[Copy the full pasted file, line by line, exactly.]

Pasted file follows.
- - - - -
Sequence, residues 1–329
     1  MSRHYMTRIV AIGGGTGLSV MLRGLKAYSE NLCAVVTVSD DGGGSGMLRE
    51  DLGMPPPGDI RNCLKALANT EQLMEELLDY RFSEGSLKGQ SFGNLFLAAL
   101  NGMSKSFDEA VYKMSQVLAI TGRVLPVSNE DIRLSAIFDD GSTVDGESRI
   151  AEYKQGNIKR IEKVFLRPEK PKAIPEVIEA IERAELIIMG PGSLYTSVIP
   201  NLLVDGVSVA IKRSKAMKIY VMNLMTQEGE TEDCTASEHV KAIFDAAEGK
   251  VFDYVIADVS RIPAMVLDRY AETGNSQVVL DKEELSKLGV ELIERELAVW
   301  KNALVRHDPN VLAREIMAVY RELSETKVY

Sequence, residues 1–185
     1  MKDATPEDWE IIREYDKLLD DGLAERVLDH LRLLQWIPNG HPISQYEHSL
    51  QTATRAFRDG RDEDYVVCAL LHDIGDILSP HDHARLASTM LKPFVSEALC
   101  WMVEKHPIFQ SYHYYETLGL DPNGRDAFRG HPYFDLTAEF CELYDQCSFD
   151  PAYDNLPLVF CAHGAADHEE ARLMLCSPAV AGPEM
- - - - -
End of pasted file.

Sequence, residues 1–329
     1  MSRHYMTRIV AIGGGTGLSV MLRGLKAYSE NLCAVVTVSD DGGGSGMLRE
    51  DLGMPPPGDI RNCLKALANT EQLMEELLDY RFSEGSLKGQ SFGNLFLAAL
   101  NGMSKSFDEA VYKMSQVLAI TGRVLPVSNE DIRLSAIFDD GSTVDGESRI
   151  AEYKQGNIKR IEKVFLRPEK PKAIPEVIEA IERAELIIMG PGSLYTSVIP
   201  NLLVDGVSVA IKRSKAMKIY VMNLMTQEGE TEDCTASEHV KAIFDAAEGK
   251  VFDYVIADVS RIPAMVLDRY AETGNSQVVL DKEELSKLGV ELIERELAVW
   301  KNALVRHDPN VLAREIMAVY RELSETKVY

Sequence, residues 1–185
     1  MKDATPEDWE IIREYDKLLD DGLAERVLDH LRLLQWIPNG HPISQYEHSL
    51  QTATRAFRDG RDEDYVVCAL LHDIGDILSP HDHARLASTM LKPFVSEALC
   101  WMVEKHPIFQ SYHYYETLGL DPNGRDAFRG HPYFDLTAEF CELYDQCSFD
   151  PAYDNLPLVF CAHGAADHEE ARLMLCSPAV AGPEM